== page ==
In the Attic
In the Attic follows the adventure of three young kids into the world of Owt, a mysterious place where two is better than one and everybody has a pair. Alex (Corey Wills), Sam (Peter Rodgers), and Bea (Cassidy Cruz) find a secret portal into Owt in an attic, and what Bea initially takes as an opportunity to explore a new, welcoming world eventually turns into a game of survival. Guides 1 and 2 (Janaye Henry and Daniel Gagau) and the rest of Owt’s inhabitants kidnap Bea because she doesn’t have a pair; they prepare a ritual to bind her to Owt’s only other individual, Yek (Terri Cochrane). In the Attic is about being brave and doing the right thing when need be; it’s about individuality and standing out from the crowd; and it is a challenging story for young audiences, as not all will end happily.
Rather than having an unhappy ending for the sake of it, In the Attic earns this sinister twist with the sense of urgency it creates from the outset. Alex and Sam quickly want to leave Owt once they arrive, seemingly afraid of what awaits them the more they meet the colourful yet aggressive inhabitants. Once Bea is kidnapped, she’s quickly paired with Yek and sent to the Binders (Gemma Revell and Saffron Troughton), two Maleficent-like beings capable of removing one’s individuality. I sit watching these struggles and the race to save their friend unfold, all the while acknowledging this as a very real threat: Owt doesn’t play by the rules of our world. It’s exhilarating but not overly scary. Much of this is aided by Janaye Henry’s lighting design, which keeps the stage warm and helps keep our spirits up, even when the characters are experiencing darkness.
There’s a sharp switch from what seems like a peppy, harmless, warm world into a cult-like syndicate, hell-bent on removing all sense of ‘self’ from their people in favour of pairing them with another just like them. This accelerates that sense of urgency, but leaves for a bit of a hole within the story itself: there’s not enough malevolence creeping into the story to hint at this change, and there isn’t quite enough time spent exploring this shift. The shadow creatures the Guides send out after the children bring the world it’s sinister atmosphere (played by Georgia May, Gemma Revell, Saffron Troughton, and Natalie Wilson). Each creature moves jaggedly, crawling and sprawling across the stage, gasping for air; they’re like ghouls, zombies, and most definitely dark and dangerous. I wonder if these creatures were shadow creatures to begin with; or perhaps they were other children captured and bound by the Guides. If we saw more of these shadow creatures or saw them as creatures that become ghoulish and shadowy, it might help the world evolve into its dark side instead of jump cutting.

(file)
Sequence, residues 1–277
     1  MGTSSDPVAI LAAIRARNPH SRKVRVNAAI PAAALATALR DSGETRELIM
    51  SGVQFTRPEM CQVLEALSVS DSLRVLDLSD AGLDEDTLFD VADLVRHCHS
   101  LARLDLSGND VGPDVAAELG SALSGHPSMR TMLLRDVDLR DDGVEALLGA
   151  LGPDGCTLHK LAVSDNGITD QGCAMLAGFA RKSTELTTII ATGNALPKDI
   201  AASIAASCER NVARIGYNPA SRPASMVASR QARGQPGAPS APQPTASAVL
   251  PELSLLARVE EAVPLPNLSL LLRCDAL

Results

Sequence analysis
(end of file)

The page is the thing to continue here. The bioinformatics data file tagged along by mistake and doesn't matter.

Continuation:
The set design, courtesy of Gemma Revell, Cassidy Cruz, and Georgia May, really helps to construct and facilitate the journey the main characters will experience. When the friends first find the portal, they’re rummaging through what seems like thousands of cardboard boxes in an attic, trying their darnedest not to make too much noise. This immediately sets off the idea of adventure; the simple act of searching far and wide in this seemingly massive but definitely confined space makes the audience start to theorise what they’re about to see. Where are the friends going? What will they find? Who are they going to meet? What is their plan? I get a little giddy watching it all unfold because the characters themselves don’t have the answers to these questions, and it’s fun to watch and discover things about the story simultaneously with them. It’s almost as though the audience is a part of the journey, too. These boxes are struck down as the creatures of Owt appear and we’ve entered that world, replaced by branches and other props made of newspaper and covered in fairy-lights that hang from the railings in Studio 77. It sets Owt up as a safe, magical place, and this is clever, appearances being deceiving, and we slowly learn ‘safe’ isn’t quite the right word.
I’m heartbroken but satisfied with how In the Attic concludes. It’s earns its solemn ending, where only two children climb back out Owt’s attic portal. It isn’t often a show merits an unhappy ending, lesser still with a show for younger audiences, but it’s a carefully constructed step into showing that kids are ready and willing to see things where happy endings aren’t a given; they want the challenge. In the Attic makes me think about how I’ve treated others for being different, or for liking different things, or for being different to me. And that is a simple, digestible concept both kids and adults alike could perk up their ears to.
I do hope Palmer and her cohort find the time to return to these works down the line; the short season didn’t do the productions justice. Moonlight and In the Attic are tales of adventure, tales of discovery, and most importantly, tales kids want to see. From the simple yet deep narratives to the immersive and mystical design, Moonlight and In the Attic are impressive examples of ‘what else’ there is to offer our young people in terms of theatre. And I think kids, big and little everywhere, will appreciate more choice, especially if thoughtful, beautiful work like what I witnessed are some of these new options.